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Dowell v. Board of Education of Oklahoma City Public Schools is the name given to a series of cases that moved back and forth through the federal courts for more than three decades as Oklahoma schools worked to achieve desegregation to the court's satisfaction. The significance of Dowell is that the Supreme Court upheld the authority and discretion of lower courts to address issues relating to school desegregation. The Court also made clear that desegregation decrees were temporary measures to remedy past discrimination and conveyed that school desegregation was a local concern.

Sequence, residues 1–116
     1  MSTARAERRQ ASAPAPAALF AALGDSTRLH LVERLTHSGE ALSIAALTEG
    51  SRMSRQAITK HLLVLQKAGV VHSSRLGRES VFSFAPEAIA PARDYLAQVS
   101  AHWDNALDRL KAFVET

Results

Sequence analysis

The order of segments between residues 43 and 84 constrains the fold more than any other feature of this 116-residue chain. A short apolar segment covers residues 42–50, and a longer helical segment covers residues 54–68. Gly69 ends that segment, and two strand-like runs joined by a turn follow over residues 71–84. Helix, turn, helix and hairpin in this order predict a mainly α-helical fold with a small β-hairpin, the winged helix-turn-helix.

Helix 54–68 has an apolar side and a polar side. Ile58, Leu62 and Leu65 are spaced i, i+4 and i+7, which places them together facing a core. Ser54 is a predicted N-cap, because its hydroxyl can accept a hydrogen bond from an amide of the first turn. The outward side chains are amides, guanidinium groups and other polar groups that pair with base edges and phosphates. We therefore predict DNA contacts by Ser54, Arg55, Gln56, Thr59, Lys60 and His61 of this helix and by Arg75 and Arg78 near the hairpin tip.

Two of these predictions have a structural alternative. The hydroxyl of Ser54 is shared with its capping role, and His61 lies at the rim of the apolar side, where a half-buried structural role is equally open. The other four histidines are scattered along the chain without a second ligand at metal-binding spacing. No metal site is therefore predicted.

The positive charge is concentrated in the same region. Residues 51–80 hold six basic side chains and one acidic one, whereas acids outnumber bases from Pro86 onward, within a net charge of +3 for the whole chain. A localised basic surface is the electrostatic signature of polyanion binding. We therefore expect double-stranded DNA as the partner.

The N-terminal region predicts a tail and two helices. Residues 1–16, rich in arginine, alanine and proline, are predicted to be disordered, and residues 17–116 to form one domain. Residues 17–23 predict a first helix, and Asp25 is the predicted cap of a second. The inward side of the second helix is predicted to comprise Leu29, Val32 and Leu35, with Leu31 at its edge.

Facts of the Case

Dowell began in 1961 when African American parents and students sued the Board of Education of Oklahoma City to end de jure (purposeful or intentional) segregation. A federal trial court found ...

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